I am a big fan of the Oxford Comma (alias the Harvard Comma or Serial Comma).
What's that, you say? You don't know what the Oxford Comma even is? That is okay. I recognize that we can't all be grammar freaks, so I will tell you that the Oxford comma is the comma that is inserted before a conjunction in a list containing three or more items.
For example: I went to the park with my kids, Briar, and Hillary.
See that little comma there after the "Briar"? That comma is important. Do you see what would happen if we removed the comma from this sentence? It would become this:
I went to the park with my kids, Briar and Hillary. And -- poof! -- like that, I've suddenly gone from walking to the park with my two little boys and their two live-in aunts to walking to the park with my two grown female children. How did I get so old so fast?
Or how about this example:
I like the following kinds of pizza: Pepperoni and Cheese, Green Pepper and Olive, Anchovie and Onion, and Canadian Bacon and Pineapple.
This sentence is perfectly clear, but what happens when I remove the final comma? This happens:
I like the following kinds of pizza: Pepperoni and Cheese, Green Pepper and Olive, Anchovie and Onion and Canadian Bacon and Pineapple.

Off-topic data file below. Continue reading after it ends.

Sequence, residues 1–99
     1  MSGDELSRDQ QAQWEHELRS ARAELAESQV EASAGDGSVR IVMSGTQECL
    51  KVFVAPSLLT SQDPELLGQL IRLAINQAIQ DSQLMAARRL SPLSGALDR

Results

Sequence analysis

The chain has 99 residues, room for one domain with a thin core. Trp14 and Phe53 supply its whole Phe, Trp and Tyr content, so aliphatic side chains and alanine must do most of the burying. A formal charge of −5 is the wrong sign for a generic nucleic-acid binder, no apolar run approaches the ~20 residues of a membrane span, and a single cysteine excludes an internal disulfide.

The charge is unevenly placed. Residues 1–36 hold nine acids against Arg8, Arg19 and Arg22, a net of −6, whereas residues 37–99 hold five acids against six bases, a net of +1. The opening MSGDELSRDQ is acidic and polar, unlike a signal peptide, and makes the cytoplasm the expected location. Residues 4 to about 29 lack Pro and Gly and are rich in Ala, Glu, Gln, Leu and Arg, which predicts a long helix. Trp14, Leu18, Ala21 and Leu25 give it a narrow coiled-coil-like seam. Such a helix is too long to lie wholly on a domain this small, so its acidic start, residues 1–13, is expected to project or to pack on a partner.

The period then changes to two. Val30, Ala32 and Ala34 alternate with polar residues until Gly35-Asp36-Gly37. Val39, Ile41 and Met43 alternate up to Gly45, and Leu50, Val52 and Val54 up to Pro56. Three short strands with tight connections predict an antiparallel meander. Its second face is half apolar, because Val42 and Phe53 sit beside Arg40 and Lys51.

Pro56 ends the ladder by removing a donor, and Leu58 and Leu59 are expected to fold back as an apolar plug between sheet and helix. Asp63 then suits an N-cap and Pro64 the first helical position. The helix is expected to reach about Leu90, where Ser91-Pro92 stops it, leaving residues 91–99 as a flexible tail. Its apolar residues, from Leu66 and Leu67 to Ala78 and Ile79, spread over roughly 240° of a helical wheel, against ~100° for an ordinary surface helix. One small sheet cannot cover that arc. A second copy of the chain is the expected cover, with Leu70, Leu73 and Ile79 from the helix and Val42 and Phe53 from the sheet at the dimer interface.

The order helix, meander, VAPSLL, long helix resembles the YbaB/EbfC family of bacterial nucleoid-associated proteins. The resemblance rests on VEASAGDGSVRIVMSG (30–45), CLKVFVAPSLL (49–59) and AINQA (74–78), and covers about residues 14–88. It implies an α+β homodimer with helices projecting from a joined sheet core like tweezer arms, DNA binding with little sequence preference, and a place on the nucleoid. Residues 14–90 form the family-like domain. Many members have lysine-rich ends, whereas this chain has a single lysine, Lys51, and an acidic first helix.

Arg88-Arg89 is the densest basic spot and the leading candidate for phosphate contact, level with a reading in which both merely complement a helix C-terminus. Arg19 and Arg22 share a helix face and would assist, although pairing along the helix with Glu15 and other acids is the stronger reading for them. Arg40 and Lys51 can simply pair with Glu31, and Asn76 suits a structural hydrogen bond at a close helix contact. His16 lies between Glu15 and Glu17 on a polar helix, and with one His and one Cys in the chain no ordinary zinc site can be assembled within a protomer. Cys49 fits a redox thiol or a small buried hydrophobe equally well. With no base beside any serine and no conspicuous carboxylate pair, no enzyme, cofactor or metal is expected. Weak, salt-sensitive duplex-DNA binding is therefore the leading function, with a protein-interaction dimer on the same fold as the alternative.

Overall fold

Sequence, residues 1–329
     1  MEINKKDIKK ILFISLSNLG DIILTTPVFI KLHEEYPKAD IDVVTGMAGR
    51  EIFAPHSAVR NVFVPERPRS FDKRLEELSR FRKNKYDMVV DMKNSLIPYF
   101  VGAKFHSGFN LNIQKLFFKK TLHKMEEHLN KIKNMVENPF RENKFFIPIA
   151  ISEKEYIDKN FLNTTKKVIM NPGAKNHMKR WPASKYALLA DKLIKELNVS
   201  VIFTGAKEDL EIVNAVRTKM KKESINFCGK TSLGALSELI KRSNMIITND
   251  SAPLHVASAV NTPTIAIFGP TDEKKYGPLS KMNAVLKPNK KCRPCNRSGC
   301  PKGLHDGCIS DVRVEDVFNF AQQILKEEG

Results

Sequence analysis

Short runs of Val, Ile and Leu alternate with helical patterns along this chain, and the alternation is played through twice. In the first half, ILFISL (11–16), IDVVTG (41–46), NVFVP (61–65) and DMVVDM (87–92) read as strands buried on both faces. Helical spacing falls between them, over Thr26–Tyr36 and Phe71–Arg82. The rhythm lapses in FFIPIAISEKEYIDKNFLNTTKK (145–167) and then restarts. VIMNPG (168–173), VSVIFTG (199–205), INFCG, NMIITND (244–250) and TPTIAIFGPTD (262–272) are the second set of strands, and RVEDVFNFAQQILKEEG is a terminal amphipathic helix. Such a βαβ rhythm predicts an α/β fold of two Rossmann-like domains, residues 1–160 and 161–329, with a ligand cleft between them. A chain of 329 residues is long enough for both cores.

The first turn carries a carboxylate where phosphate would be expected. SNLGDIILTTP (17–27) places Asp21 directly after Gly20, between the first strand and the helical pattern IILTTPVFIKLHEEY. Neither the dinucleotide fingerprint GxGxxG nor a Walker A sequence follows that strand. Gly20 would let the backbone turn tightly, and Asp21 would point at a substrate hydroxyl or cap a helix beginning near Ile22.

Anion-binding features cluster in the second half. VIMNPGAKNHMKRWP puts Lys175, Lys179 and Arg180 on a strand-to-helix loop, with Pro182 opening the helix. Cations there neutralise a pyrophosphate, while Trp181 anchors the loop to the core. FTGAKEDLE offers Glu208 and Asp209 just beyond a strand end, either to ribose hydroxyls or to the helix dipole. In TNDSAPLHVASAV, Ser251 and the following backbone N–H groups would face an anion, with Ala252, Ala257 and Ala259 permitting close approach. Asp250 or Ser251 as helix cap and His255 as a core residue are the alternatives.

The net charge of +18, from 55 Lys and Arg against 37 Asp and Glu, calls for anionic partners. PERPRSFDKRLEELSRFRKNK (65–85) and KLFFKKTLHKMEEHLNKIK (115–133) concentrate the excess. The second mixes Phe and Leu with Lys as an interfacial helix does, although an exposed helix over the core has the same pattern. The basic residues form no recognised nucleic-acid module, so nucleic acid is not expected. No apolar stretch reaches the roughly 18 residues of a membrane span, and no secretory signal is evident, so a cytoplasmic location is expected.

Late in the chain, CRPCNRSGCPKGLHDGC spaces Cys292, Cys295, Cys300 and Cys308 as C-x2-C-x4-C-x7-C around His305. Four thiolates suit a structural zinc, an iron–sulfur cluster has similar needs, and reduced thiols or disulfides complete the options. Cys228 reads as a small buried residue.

So do I like three kinds of pizza (Pepperoni/Cheese, Green Pepper/Olive, and Anchovie/Onion/Canadian Bacon/Pineapple) or do I like four kinds of pizza (Pepperoni/Cheese, Green Pepper/Olive, Anchovie/Onion, and Canadian Bacon/Pineapple)? Without the Oxford comma firmly holding down the boundaries between pizza toppings, the answer to this question is anyone's guess. And that is a travesty.
I will admit that the oxford comma is not always a necessary component of a clearly understood sentence. The following sentence, for example, is simple enough to understand:
I like to eat, drink and be merry.
However, the Oxford comma creates a more accurate visual representaiton of the way lists sound when spoken aloud: One generally says "I like to eat (pause), drink (pause), and be merry," not "I like to eat (pause), drink and be merry." That would sound foolish.
Hence, the Oxford comma should always be used. It's simple and straightforward, eliminates ambiguity, and creates a more aesthetic sentence structure. Why wouldn't everyone consistently use the Oxford comma?
The unfortunate thing is that, sadly, not everyone sees it that way. People omit the Oxford Comma all the time. In fact, the entire Associated Press has completely turned its back on the Oxford Comma. This is just plain wrong and it needs to be changed, so now that I've explained to you why this is so important, and you are fired up about the essential nature of this very special comma, I'm going to encourage you to write to your local newspaper and beg them to bring back the Oxford comma. One periodical at a time, we can bring clarity and reason back into the press.